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SHANGHAI — An unhappy customer who invaded the Tesla booth at the Shanghai auto show by clambering atop a car in protest, creating a social media stir, will be detained for five days, Shanghai police said on Tuesday.

Police said the woman and a female accomplice — identified only by their surnames, Zhang and Li — “caused chaos” at the trade fair on Monday when they arrived at the Tesla display “to express their dissatisfaction due to a consumer dispute.”

Zhang was ordered detained for “disrupting public order,” while Li received a warning, police said.

Videos that went viral on Monday showed Zhang wearing a T-shirt emblazoned with the words “The brakes don’t work” and shouting similar accusations while staff and security struggled to calm the scene. She said she was driving her Tesla Model 3 with her family aboard when the brakes failed.

Tesla sells roughly 30% of its cars in China, which are made at its Shanghai factory, but has come under occasional criticism in the country over issues such as complaints of battery fires.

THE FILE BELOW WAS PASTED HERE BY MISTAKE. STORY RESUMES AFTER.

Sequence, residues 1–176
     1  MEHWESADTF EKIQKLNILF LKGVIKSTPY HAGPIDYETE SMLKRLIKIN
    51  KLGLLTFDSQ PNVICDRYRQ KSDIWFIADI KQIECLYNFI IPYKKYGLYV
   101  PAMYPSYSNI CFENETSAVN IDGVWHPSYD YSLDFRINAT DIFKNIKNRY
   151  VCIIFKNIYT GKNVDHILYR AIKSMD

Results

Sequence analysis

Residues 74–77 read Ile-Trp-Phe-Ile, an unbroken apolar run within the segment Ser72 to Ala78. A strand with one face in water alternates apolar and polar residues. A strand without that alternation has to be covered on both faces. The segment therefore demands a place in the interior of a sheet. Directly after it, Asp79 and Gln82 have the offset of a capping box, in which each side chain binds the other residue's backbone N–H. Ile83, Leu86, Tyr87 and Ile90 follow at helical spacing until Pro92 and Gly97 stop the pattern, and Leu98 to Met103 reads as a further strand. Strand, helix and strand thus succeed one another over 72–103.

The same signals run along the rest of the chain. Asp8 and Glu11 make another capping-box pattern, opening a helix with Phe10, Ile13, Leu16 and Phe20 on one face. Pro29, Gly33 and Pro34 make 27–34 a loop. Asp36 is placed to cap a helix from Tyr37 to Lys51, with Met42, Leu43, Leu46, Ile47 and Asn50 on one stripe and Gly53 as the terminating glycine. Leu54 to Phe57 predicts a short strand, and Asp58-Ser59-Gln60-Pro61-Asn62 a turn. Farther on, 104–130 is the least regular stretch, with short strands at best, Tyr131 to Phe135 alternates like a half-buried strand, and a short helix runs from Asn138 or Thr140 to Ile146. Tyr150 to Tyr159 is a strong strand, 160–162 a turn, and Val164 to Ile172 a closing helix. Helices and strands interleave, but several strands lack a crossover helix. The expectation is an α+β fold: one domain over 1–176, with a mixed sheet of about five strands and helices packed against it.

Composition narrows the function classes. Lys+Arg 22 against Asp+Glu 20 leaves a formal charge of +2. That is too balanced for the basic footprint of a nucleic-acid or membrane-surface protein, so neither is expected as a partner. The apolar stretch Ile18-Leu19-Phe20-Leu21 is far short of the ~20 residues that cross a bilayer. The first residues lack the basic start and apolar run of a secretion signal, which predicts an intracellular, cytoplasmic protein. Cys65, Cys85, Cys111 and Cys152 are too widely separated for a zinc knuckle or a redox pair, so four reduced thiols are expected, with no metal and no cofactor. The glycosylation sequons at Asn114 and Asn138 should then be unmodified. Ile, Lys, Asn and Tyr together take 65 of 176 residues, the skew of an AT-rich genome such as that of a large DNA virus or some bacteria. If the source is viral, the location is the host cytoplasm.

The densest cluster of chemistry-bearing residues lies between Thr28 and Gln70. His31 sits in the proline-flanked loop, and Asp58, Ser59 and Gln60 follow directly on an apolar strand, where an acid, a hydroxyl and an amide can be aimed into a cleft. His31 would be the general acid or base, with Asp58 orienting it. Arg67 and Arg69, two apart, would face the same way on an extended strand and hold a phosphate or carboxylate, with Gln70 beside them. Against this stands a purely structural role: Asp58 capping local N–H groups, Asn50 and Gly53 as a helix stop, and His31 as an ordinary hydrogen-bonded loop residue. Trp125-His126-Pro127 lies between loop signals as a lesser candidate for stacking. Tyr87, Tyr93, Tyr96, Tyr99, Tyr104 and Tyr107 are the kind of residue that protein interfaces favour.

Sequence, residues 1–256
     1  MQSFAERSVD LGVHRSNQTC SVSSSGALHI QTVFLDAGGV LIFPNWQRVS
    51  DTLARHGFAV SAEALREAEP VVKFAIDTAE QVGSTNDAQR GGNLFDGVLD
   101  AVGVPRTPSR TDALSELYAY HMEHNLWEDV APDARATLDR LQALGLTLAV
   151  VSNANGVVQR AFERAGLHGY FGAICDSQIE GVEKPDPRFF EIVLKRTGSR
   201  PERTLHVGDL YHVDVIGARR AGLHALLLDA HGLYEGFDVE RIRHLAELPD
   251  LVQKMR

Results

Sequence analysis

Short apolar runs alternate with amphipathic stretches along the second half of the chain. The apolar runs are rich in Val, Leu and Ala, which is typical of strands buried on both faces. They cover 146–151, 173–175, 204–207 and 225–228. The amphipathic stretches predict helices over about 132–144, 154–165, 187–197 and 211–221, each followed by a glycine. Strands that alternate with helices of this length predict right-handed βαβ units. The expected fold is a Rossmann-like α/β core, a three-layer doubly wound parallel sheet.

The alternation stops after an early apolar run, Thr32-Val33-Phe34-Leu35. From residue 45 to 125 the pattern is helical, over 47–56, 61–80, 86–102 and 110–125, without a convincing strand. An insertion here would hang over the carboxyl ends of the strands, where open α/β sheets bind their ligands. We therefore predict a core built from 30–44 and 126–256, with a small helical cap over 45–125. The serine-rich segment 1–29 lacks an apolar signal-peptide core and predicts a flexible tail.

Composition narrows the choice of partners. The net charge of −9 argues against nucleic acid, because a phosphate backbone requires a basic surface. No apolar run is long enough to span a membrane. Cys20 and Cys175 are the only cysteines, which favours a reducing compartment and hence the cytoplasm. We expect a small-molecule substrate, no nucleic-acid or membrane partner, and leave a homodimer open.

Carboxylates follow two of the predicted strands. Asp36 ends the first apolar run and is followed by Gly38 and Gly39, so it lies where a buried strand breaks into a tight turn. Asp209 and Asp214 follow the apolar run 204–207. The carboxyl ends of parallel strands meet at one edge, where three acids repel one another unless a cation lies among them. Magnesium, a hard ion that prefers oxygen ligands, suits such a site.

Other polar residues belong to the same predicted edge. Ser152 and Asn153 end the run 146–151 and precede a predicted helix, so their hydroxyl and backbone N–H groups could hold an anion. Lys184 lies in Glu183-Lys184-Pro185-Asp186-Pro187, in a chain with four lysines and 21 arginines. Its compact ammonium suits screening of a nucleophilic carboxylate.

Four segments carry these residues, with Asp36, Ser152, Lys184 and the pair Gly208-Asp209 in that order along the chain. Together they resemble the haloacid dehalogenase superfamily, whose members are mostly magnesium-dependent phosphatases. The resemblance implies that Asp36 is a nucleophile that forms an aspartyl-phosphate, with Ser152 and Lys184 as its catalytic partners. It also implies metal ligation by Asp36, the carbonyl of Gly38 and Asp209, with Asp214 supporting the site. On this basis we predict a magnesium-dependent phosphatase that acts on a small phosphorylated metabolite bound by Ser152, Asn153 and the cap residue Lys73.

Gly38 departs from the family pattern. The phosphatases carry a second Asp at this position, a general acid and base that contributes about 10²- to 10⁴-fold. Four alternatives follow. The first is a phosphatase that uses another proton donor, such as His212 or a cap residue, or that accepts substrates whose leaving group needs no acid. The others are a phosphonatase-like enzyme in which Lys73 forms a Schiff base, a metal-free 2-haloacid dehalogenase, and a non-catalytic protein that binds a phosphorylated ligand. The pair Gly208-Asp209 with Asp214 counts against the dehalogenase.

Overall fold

In a statement published Monday afternoon on China’s Twitter-like Weibo, Tesla said the woman was a vehicle owner who had been involved in a collision earlier this year. Tesla cited “speeding violations” for the crash, adding it had been negotiating with the woman about returning the car but talks had stalled over a third-party inspection.

Zhang and Li could not be contacted for comment.

Tesla later published another post saying it would take responsibility for any problems with its products, including paying for damages and any related fines.

“At the same time, what we need to explain is: not compromising with unreasonable demands is also our attitude.”

The incident continued to attract social media attention on Tuesday, accounting for two of Weibo’s top 10 trending topics. And a commentary on state-run CCTV said the Chinese government should call in a third-party testing agency to address complaints over Tesla vehicles.

Tesla is making Model 3 sedans and Model Y sport-utility vehicles at its Shanghai factory. Last month it sold over 35,000 locally made vehicles in China.